#> $performance #> Sharpe ratio max drawdown #> dataset 1 1.066989270 0.09384104 #> dataset 2 1.254843826 0.10406013 #> dataset 3 2.582276098 0.06952085 #> dataset 4 1.526569864 0.09921398 #> dataset 5 -0.006082829 0.17328255 #> dataset 6 0.981613296 0.10320105 #> dataset 7 1.778535154 0.08836202 #> dataset 8 -0.242004981 0.27460141 #> dataset 9 1.756090437 0.11288730 #> dataset 10 1.421113265 0.09834212 • Tables of several performance measures of the portfolios (classified by performance criteria): # show the portfolios performance in tables backtestTable(bt, measures = c("Sharpe ratio", "max drawdown")) #>$Sharpe ratio
#>                Quintile        GMVP   Markowitz    uniform       index
#> dataset 1   1.066989270  0.44347512 -0.09535393 1.46290397  1.31332671
#> dataset 2   1.254843826  0.46887119  1.02098962 0.36602873  0.07019635
#> dataset 3   2.582276098  1.46794068  1.16826052 2.47349102  1.84104358
#> dataset 4   1.526569864 -0.04523114  0.20480420 1.23875303  0.86839335
#> dataset 5  -0.006082829  0.73346873 -0.29993326 0.24833981  0.05727968
#> dataset 6   0.981613296  2.13392160  0.55860989 1.87215178  2.63675781
#> dataset 7   1.778535154  4.27893672 -0.36846679 2.61728179  1.60490706
#> dataset 8  -0.242004981  1.12369708  1.00012843 0.08820003 -0.16297323
#> dataset 9   1.756090437  0.82347161  0.64727039 1.61990151  1.35084113
#> dataset 10  1.421113265  1.89578620  0.37927803 2.02390131  1.75889262
#>
#> $max drawdown #> Quintile GMVP Markowitz uniform index #> dataset 1 0.09384104 0.02571868 0.20824525 0.06678369 0.05695256 #> dataset 2 0.10406013 0.04362000 0.23314434 0.13218930 0.12628589 #> dataset 3 0.06952085 0.02271049 0.16813510 0.04800769 0.05848025 #> dataset 4 0.09921398 0.06836597 0.15162912 0.10861575 0.10555293 #> dataset 5 0.17328255 0.06131943 0.64819866 0.11546985 0.10555293 #> dataset 6 0.10320105 0.02250230 0.33947368 0.03869864 0.02819678 #> dataset 7 0.08836202 0.01603770 0.27695971 0.05440115 0.07783609 #> dataset 8 0.27460141 0.04080267 0.28835512 0.19664607 0.18524842 #> dataset 9 0.11288730 0.07093588 0.24967326 0.10097014 0.10555293 #> dataset 10 0.09834212 0.03648148 0.09785354 0.07778765 0.05695256 • Summary of performance measures: bt_sum <- backtestSummary(bt) names(res_sum) #> [1] "performance_summary" "failure_rate" "cpu_time_summary" #> [4] "error_message" res_sum$performance_summary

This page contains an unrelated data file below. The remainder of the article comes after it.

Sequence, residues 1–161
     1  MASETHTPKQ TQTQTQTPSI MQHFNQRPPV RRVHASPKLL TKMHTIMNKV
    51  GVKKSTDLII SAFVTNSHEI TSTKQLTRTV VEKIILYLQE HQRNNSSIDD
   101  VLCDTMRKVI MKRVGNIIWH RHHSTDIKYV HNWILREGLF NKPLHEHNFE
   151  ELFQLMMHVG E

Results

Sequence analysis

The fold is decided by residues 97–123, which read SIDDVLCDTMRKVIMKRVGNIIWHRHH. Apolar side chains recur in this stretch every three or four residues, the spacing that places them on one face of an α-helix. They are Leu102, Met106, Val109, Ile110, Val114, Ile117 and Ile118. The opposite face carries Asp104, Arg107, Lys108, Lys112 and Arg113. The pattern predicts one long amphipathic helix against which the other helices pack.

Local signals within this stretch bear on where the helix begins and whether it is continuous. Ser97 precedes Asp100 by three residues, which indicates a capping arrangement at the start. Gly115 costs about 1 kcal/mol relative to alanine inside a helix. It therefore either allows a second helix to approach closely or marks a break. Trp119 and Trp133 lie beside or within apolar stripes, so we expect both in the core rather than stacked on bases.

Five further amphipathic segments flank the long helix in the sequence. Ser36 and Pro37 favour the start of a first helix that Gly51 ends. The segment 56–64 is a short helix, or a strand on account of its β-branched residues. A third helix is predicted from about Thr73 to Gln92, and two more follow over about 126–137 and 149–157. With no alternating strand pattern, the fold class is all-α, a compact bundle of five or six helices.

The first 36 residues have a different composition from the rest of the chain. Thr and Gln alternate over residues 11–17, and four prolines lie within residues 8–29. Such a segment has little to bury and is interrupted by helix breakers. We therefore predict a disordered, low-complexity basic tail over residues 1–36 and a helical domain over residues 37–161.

#>                      Quintile        GMVP   Markowitz      uniform
#> Sharpe ratio        1.1382727  1.16856836   0.5729870   1.61004827
#> max drawdown        0.1073746  0.03132534   0.2259520   0.09360759
#> annual return       0.1939239  0.04870919   0.1494533   0.19214798
#> annual volatility   0.1613030  0.04179758   0.3165205   0.13532259
#> Sterling ratio      1.8075257  1.43035842   0.8001927   2.19665444
#> Omega ratio         1.2059942  1.21518329   1.1245883   1.29231636
#> ROT bps           253.2452187 81.72844616 187.1631221 837.50477655